Licensing Agreements In Canada

Another question is whether the group of authorized users is geographically defined, for example all campus X faculties. If the licensee has more than one physical site, you should consider a branch license so that people who can access the main site have the same access to people on other sites. University libraries want to ensure that all of their campuses are covered by licensing agreements. In some situations, licensees may have to access licensed content from other countries. If this applies to you, make sure your license allows it and is not limited to physical sites in Canada. See also below on the authorized site. A brand licensee (including service brand takers) does not have the right to sublicensing for the use of the trademark, unless the license agreement expressly allows it. This can be useful if the taker actually acts as a licensing authority for the licensee, finds and controls the takers, collects royalties, etc. Such a sublicensing right exists only in contract and is not subject to legislation. Be careful when considering the clauses in this chapter. In some circumstances, it can be difficult to compare these clauses with standard licensing agreements and agreements you have signed or want to sign. Licenses are very different in how they determine the terms of the content granted. For example, one license may have a clause that extends exclusively to rights, while another may include rights granted under a broader clause.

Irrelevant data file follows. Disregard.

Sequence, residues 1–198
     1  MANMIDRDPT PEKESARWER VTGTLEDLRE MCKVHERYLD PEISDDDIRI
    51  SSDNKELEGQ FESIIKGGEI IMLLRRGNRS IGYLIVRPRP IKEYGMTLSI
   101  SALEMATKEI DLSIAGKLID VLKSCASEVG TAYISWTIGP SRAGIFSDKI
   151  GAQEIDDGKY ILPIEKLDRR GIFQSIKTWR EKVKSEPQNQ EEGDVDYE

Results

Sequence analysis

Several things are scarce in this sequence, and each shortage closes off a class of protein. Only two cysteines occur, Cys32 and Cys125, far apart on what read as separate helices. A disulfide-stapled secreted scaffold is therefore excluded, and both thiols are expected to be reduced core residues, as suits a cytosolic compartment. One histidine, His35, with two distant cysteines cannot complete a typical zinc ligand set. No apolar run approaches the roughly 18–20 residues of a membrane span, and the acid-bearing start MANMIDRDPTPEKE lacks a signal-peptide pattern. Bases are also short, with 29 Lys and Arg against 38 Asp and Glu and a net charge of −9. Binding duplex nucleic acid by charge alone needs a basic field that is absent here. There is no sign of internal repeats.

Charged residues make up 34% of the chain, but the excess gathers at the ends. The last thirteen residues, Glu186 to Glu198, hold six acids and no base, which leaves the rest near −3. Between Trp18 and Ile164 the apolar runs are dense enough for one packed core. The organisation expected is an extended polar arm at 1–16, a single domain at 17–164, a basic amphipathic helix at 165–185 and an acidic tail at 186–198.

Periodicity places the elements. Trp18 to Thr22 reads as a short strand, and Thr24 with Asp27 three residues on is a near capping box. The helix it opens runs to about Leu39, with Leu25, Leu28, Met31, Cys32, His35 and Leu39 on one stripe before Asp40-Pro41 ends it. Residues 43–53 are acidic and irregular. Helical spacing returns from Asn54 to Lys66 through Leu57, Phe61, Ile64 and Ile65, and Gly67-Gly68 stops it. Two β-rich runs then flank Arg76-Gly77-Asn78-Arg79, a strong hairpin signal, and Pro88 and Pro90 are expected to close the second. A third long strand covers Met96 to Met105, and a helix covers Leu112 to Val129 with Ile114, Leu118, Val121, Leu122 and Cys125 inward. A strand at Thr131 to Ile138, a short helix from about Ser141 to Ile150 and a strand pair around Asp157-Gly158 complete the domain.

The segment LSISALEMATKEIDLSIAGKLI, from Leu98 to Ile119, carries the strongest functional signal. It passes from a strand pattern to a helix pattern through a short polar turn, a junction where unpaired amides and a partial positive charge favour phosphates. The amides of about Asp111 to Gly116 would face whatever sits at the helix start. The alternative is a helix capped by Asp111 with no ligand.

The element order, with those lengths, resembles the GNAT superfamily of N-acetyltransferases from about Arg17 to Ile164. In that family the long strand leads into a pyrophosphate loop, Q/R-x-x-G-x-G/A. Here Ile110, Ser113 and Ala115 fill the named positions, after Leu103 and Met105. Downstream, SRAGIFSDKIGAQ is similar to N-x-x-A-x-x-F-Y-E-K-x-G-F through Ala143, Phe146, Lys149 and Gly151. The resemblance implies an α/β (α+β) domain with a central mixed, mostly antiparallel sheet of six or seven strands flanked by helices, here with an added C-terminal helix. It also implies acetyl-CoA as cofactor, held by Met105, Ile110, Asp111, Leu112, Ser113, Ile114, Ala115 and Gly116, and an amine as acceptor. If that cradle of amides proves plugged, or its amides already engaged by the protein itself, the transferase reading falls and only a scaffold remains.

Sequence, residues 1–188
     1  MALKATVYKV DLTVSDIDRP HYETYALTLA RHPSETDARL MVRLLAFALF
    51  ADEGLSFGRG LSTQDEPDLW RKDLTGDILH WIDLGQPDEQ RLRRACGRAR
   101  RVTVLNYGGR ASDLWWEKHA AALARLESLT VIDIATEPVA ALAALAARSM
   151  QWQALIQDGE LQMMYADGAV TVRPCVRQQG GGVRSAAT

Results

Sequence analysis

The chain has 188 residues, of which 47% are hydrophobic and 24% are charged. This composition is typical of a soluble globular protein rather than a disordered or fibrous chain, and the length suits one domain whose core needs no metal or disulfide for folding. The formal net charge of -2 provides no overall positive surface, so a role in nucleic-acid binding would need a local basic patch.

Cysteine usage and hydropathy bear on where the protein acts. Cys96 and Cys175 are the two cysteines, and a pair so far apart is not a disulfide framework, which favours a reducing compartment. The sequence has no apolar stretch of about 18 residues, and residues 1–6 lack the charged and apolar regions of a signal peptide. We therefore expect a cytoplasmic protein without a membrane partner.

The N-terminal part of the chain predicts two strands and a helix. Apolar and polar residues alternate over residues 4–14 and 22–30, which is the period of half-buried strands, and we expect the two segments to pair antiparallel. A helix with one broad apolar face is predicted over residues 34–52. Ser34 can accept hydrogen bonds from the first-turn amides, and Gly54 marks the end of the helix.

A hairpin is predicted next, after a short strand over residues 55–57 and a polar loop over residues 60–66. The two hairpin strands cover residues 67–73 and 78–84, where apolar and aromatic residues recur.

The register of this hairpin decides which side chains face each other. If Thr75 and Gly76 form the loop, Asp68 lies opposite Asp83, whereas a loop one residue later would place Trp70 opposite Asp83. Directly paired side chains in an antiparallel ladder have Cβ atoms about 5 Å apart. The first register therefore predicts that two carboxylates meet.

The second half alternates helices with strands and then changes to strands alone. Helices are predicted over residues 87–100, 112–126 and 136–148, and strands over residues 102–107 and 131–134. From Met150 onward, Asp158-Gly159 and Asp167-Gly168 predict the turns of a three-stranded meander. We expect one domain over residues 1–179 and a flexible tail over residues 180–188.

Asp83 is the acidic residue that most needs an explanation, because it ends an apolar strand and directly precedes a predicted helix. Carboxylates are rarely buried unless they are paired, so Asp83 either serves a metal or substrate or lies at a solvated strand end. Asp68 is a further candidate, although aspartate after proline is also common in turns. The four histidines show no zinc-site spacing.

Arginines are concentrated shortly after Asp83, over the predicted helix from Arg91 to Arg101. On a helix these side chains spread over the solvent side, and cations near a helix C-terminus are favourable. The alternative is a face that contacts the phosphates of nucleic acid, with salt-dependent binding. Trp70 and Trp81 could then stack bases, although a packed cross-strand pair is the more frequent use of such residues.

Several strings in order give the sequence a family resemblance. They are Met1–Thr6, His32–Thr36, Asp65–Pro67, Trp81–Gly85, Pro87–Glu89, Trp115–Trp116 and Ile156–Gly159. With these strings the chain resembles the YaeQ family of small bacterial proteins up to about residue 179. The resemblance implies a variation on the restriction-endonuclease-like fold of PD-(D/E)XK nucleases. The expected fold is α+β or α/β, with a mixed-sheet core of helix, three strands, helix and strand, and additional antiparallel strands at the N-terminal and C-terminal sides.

B, for example, a clause that covers the licensee`s obligations or usage restrictions. Before you post a clause in an agreement, you need to read the entire license and see how the different terms and conditions are organized and defined. Don`t worry if you see different terms and titles in licenses other than those in this chapter. When checking licenses, make sure you add, omit and modify to deal with your particular circumstances. In many cases, your license may be short and the details of the clauses may appear in an appendix attached to the license. This is a common practice for definitions, maturities, maturities and payments. Similarly, the order of clauses in a license may vary from one agreement to another. Cons: This model makes it difficult for the content owner to determine the value of its content, as they may have no real knowledge of the statistics on the use of electronic content (although it is possible to incorporate recordings). It may not be ideal in the initial content licensing phase, although it is preferable based on the usefulness of statistical information. In addition, it may be more difficult to control who accesses the content and whether they are covered by the license. Museum as a licensee: If you grant content from another country, your license may be subject to the laws of that country. It is therefore important to understand the parameters of fair trade or the fair dealing regime in this country if they have one.